Sunday, May 03, 2009

New Zealand proposed Agriculture emissions trading scheme, Why bother?

In an interesting debate in New Zealand on the planned introduction of an emissions trading scheme. Which mostly effects its competitive export agriculture industry we ask why bother?.

As an example a submission to the select parliamentary review committee from Dairynz.

DairyNZ says don't tax farmers

DairyNZ says it would make no sense to tax dairy farmers for greenhouse gas emissions until technology exists to enable farmers to reduce the emissions. It would also be unwise to place obligations on New Zealand's leading industry when none of its international competitors are likely to face similar charges.

In a submission to the Emissions Trading Scheme Review Committee today [4th May], DairyNZ Chairman John Luxton said dairy farmers were willing and capable of adopting farming practices that will increase resource use efficiency and reduce dairying's environment footprint.

"Little exists by way of mitigating technology to reduce greenhouse gas emissions from dairy farming, so it would be economically unjust to hold farmers liable for those emissions," he said.

He urged the Committee to consider this carefully when deciding the place of agriculture in an emissions trading scheme.


As this is related to Methane and nitrate oxide emissions as we have previously discussed ,this is in effect a waste of time as the imposed constraints eg IPCC and Kyoto are based on outdated scientific understanding ( as per previous post)

Previously stated

Morowitz outlined four rules that bound the construction of “scientific” hypothesis and limit the ability of “men to play god”

Two that are appropriate here are,

1 Though shall not violate the laws of physics and chemistry, for these are expressions of divine eminence.

2 Though shall not eschew miracles, for as Spinoza taught, they contravene the lawfulness of the Universe


Cause and effect benefits, and the profit/loss portion of the regulatory algorithm are never identified let alone quantified. The elementary physics suggest that always the Le Chatelier-Braun Principle(If any change is imposed on a system in near equilibrium, the system will change in such a way as to counteract the imposed change.)

Indeed if we use the Nox for example rather then write a lot of legislative rubbish we can write the simple algorithm

( SNOx--NOx--O3 –OH)

An important atmospheric sink for methane is the OH (hydroxyl) radical. The reaction of methane with OH radicals is the first step in a series of reactions which eventually leads to compounds that are readily removed from the atmosphere by precipitation or uptake at the surface. OH radicals also act as a chemical sink for other trace gases. For this reason, OH radicals are known as "the detergent of the atmosphere" (Crutzen, 1995).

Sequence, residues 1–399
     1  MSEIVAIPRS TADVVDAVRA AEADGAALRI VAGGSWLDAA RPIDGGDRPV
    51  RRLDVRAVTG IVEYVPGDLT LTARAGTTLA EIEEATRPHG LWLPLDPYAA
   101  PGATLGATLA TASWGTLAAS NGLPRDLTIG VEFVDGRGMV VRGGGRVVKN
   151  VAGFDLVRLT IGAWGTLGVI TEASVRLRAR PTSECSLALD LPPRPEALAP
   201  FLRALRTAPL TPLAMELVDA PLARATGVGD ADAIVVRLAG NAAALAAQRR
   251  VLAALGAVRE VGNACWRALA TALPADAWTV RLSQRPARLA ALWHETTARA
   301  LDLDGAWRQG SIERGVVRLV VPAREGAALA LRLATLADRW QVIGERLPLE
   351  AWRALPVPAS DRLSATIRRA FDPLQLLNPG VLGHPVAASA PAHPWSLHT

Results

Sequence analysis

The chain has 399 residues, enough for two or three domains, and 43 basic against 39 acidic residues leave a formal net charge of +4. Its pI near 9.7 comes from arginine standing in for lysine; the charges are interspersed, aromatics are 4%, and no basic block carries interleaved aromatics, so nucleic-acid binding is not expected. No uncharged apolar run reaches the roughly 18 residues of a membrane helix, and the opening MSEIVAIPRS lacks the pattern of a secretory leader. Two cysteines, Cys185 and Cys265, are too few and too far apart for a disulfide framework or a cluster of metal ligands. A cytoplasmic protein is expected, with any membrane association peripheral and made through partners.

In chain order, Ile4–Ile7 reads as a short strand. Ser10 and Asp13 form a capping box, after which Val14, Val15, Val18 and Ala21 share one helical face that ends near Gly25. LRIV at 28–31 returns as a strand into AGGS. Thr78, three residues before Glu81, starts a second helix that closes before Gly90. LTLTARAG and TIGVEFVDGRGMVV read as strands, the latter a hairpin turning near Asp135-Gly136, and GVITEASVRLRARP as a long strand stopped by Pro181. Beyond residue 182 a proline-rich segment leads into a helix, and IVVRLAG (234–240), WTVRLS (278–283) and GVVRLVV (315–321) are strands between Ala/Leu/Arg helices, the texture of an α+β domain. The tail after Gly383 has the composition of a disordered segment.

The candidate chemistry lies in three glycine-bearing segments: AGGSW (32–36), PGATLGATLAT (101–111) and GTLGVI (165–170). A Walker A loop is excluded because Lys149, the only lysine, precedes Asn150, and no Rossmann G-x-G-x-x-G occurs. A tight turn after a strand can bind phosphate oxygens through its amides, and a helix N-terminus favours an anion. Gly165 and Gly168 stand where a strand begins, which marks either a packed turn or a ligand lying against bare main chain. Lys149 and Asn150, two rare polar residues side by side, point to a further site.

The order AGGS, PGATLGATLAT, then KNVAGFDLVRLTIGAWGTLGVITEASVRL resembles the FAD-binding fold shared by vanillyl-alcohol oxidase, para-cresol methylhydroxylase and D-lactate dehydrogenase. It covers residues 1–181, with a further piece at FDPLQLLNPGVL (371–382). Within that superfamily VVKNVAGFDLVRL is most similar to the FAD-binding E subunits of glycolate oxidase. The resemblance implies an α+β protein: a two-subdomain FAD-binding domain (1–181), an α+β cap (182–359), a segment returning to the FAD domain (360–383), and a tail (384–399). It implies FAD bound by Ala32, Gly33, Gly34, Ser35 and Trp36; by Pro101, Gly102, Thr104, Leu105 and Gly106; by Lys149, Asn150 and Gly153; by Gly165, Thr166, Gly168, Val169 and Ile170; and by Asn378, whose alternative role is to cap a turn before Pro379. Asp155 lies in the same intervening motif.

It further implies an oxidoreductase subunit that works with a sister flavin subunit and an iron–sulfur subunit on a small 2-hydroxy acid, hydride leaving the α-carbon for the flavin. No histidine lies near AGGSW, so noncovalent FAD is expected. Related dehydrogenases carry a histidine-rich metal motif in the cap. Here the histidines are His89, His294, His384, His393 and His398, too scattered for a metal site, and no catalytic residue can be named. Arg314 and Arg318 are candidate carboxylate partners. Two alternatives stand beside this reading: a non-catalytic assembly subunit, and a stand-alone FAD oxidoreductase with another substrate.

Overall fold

In an interesting paper we see indeed that soil NOx emissions (SNOx) do indeed lower troposphere CH4 levels in southern latitudes.

Influence of modelled soil biogenic NO emissions on related trace gases and the atmospheric oxidizing efficiency

J. Steinkamp1, L. N. Ganzeveld2, W. Wilcke3, and M. G. Lawrence1

Abstract. The emission of nitric oxide (NO) by soils (SNOx) is an important source of oxides of nitrogen (NOx=NO+NO2) in the troposphere, with estimates ranging
from 4 to 21 Tg of nitrogen per year. Previous studies have examined the influence of SNOx on ozone (O3) chemistry. We employ the ECHAM5/MESSy atmospheric
chemistry model (EMAC) to go further in the reaction chain and investigate the influence of SNOx on lower tropospheric NOx, O3, peroxyacetyl nitrate (PAN), nitric acid (HNO3), the hydroxyl radical (OH) and the lifetime of methane ( CH4 ). We show that SNOx is responsible for a significant contribution to the NOx mixing ratio in many regions, especially in the tropics. Furthermore, the concentration of OH is substantially increased due to SNOx, resulting in an enhanced oxidizing efficiency of the global troposphere, reflected in a 10% decrease in CH4 due to soil NO emissions. On the other hand, in some regions SNOx has a negative feedback on the lifetime of NOx through O3 and OH, which results in regional increases in the mixing ratio of NOx despite lower total emissions in a simulation without SNOx. In a sensitivity simulation in which we reduce the other surface NOx emissions by the same amount as SNOx, we find that they have a much weaker impact on OH and CH4 and do not result in an increase in the NOx mixing ratio anywhere


So decreasing SNOx increases CH4 why bother.

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